Literature

About this Collection

Serious discussions of liberty are not limited to academic works. Poets, playwrights, and novelists have had much to contribute as well.

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Not Categorized

Areopagitica (1644) (Jebb ed.)

John Milton (author)

This is Milton’s famous defense of freedom of speech and the press, in an edition based upon Sir Richard Jebb’s lectures at Cambridge in 1872, with extensive notes and commentaries. Mlton’s work was a protest against Parliament’s…

The Complete Works of William Shakespeare Part 1 (The Oxford Shakespeare)

William Shakespeare (author)

The 1916 Oxford University Press edition of all of Shakespeare’s plays and poems. It was published on the 300th anniversary of Shakespeare’s death in 1616. Because of the large size of this file the book has been split into 2 parts.…

December 2022: Classical Tragedy and the World of Ideas

Please join us in December 2022 for a Virtual Reading Group with Aeon Skoble.

Pre-registration is required, and we ask you to register only if you can be present for ALL sessions. Most readings are available online; one book must be…

LIBERTY MATTERS

The Water Truce

By: Anika Prather

LIBERTY MATTERS

LIBERTY MATTERS

LIBERTY MATTERS

LIBERTY MATTERS

LIBERTY MATTERS

LIBERTY MATTERS

THE READING ROOM

Homer’s Iliad and the Causes of the Trojan War: Kidnapping Helen

By: Alexander Schmid

In the first part of Causes of the Trojan War, we discussed the Apple of Eris incident and who was truly at fault. Was it Eris, the goddess of Discord's, fault for throwing the apple marked kallisti in the first place?

THE READING ROOM

Loci Amoeni: Pleasant Places and the Golden Ages in Ancient Poetry: Part Two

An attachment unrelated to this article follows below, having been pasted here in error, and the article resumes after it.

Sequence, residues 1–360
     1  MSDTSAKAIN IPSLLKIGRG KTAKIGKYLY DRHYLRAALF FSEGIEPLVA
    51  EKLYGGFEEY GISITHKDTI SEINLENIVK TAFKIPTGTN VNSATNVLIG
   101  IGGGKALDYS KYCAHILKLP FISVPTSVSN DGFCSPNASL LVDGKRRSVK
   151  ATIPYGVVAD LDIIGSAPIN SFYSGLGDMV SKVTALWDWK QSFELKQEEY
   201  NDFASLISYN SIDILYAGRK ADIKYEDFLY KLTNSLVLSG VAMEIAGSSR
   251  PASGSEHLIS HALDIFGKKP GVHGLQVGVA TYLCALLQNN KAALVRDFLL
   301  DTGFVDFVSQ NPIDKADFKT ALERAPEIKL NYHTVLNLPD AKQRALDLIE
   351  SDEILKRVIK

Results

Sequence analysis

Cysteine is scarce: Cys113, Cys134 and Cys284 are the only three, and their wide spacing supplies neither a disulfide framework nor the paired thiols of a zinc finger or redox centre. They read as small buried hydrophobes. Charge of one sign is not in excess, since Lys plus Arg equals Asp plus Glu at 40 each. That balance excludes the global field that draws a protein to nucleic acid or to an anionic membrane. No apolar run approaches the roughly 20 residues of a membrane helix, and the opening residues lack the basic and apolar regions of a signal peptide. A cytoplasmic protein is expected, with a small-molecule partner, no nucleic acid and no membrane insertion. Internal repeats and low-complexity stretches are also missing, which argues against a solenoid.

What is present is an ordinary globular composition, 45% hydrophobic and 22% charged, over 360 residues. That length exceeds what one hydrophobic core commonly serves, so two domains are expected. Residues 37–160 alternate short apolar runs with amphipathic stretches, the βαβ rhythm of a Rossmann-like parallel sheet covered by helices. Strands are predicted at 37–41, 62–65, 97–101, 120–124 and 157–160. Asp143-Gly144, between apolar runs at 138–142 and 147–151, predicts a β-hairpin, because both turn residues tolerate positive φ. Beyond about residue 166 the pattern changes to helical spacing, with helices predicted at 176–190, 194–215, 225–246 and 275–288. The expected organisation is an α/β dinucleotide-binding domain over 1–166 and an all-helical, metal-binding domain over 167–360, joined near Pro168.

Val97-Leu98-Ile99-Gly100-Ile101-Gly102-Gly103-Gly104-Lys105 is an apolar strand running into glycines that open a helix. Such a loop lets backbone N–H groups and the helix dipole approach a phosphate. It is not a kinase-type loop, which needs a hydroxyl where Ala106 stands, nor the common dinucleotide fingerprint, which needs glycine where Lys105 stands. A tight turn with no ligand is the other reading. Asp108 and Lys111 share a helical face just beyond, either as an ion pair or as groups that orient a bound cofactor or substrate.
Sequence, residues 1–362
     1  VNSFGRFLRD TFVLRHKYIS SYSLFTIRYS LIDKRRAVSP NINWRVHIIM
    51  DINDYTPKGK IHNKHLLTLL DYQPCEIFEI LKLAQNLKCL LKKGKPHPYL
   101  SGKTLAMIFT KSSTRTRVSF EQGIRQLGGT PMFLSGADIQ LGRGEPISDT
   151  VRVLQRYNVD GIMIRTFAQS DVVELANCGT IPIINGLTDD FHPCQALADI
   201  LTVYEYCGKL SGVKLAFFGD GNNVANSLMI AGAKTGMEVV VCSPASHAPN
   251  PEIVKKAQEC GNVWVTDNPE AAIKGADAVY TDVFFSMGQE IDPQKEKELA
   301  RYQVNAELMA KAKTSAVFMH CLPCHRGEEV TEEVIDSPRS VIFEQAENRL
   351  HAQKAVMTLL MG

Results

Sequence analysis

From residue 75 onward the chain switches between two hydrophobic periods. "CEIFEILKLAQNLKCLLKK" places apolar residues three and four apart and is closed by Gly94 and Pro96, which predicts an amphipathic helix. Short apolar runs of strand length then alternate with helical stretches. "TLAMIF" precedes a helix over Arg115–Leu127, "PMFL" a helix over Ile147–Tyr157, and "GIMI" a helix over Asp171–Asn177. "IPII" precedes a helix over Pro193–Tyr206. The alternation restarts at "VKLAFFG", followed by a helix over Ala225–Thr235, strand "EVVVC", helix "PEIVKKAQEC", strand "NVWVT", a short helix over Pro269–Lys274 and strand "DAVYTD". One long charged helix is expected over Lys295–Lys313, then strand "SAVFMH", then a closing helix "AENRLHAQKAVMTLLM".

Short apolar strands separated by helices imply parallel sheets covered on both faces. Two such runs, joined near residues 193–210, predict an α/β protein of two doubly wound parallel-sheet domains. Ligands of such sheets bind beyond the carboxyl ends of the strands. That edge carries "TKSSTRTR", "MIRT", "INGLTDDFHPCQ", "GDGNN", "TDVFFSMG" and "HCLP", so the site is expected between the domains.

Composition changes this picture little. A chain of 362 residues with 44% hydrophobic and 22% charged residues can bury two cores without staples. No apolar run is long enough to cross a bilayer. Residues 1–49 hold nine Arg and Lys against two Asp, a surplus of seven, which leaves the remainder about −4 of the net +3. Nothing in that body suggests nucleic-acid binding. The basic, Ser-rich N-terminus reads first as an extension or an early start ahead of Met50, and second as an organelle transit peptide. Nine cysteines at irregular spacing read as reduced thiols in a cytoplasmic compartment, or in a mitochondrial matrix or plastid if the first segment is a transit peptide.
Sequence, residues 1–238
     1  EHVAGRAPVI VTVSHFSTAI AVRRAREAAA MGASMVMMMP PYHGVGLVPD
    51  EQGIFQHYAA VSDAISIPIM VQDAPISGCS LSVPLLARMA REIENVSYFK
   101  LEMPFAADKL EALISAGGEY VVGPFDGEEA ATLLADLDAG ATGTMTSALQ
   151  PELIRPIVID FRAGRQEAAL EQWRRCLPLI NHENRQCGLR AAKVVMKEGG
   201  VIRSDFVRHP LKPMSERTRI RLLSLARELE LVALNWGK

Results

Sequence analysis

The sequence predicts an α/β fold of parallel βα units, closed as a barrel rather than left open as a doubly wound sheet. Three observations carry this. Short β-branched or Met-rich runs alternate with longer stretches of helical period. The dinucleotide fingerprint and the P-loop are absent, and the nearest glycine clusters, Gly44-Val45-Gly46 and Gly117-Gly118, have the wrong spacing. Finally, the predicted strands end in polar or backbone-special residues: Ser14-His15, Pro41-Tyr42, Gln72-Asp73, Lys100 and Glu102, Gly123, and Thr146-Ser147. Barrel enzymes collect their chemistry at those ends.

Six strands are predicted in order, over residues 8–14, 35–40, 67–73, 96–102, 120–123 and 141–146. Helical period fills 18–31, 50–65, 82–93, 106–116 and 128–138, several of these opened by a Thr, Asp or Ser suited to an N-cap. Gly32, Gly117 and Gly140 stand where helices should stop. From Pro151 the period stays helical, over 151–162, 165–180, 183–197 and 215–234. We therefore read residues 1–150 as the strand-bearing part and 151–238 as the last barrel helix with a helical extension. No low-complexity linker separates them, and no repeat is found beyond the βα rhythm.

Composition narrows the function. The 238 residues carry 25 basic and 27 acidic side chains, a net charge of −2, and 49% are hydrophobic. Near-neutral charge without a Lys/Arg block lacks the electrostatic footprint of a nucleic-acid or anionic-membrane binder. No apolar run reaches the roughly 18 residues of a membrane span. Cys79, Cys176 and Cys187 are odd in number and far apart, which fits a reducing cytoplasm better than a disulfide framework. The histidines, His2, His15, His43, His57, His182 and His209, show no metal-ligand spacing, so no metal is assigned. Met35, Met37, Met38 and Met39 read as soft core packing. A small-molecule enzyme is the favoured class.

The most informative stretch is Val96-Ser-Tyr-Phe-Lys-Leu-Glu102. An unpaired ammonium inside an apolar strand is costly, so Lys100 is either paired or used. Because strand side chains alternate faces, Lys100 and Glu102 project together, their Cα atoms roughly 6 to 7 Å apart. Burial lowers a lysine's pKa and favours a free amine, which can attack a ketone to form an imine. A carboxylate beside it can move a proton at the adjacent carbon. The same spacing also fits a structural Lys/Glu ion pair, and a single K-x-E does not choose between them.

By: Alexander Schmid

In the second part of the study of loci amoeni, the pleasant places of the ancient world, we will continue to examine Homer’s Odyssey, now focusing on the location of one of its semi-divine antagonists. We will then conclude our…

THE READING ROOM

Marlowe’s Machiavels and Malta’s Broken Markets

By: Lucie Alden

It is hard to think of a theorist more straw manned and vilified than Niccolò Machiavelli, though Adam Smith and Karl Marx might give him a run for his money. Machiavelli’s writings, published in 1532 Italy, quickly became the stuff…
An Old Babylonian Version of the Gilgamesh Epic

Gilgamesh (author)

The book contains two fragments of a Babylonian version of the Gilgamesh epic, the Pennsylvanian tablet” and the “Yale table”, with translation, commentary and images of the tablets.

THE READING ROOM

OLL’s September Birthday: Samuel Johnson (September 18, 1709 – December 13, 1784)

By: Peter Carl Mentzel

September’s OLL Birthday essay is in honor of Samuel Johnson, essayist, lexicographer, poet, moralist, and critic who has been called “the most distinguished man of letters in English history” and “The Great Cham of Literature.”